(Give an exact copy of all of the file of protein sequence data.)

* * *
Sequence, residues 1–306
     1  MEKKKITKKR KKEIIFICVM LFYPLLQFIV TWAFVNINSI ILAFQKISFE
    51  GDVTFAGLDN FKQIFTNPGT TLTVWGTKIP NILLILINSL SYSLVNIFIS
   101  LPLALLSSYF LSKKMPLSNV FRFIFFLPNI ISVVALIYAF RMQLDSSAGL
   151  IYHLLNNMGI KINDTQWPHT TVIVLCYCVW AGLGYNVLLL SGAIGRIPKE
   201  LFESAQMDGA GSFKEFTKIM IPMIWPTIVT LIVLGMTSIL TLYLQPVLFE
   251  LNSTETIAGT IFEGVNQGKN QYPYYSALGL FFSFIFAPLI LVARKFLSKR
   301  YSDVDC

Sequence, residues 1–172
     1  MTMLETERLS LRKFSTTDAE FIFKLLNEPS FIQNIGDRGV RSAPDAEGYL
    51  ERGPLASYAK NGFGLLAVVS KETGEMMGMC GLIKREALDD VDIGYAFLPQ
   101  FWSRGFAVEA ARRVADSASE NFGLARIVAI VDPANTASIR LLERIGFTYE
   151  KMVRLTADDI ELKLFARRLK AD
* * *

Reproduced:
Sequence, residues 1–306
     1  MEKKKITKKR KKEIIFICVM LFYPLLQFIV TWAFVNINSI ILAFQKISFE
    51  GDVTFAGLDN FKQIFTNPGT TLTVWGTKIP NILLILINSL SYSLVNIFIS
   101  LPLALLSSYF LSKKMPLSNV FRFIFFLPNI ISVVALIYAF RMQLDSSAGL
   151  IYHLLNNMGI KINDTQWPHT TVIVLCYCVW AGLGYNVLLL SGAIGRIPKE
   201  LFESAQMDGA GSFKEFTKIM IPMIWPTIVT LIVLGMTSIL TLYLQPVLFE
   251  LNSTETIAGT IFEGVNQGKN QYPYYSALGL FFSFIFAPLI LVARKFLSKR
   301  YSDVDC

Sequence, residues 1–172
     1  MTMLETERLS LRKFSTTDAE FIFKLLNEPS FIQNIGDRGV RSAPDAEGYL
    51  ERGPLASYAK NGFGLLAVVS KETGEMMGMC GLIKREALDD VDIGYAFLPQ
   101  FWSRGFAVEA ARRVADSASE NFGLARIVAI VDPANTASIR LLERIGFTYE
   151  KMVRLTADDI ELKLFARRLK AD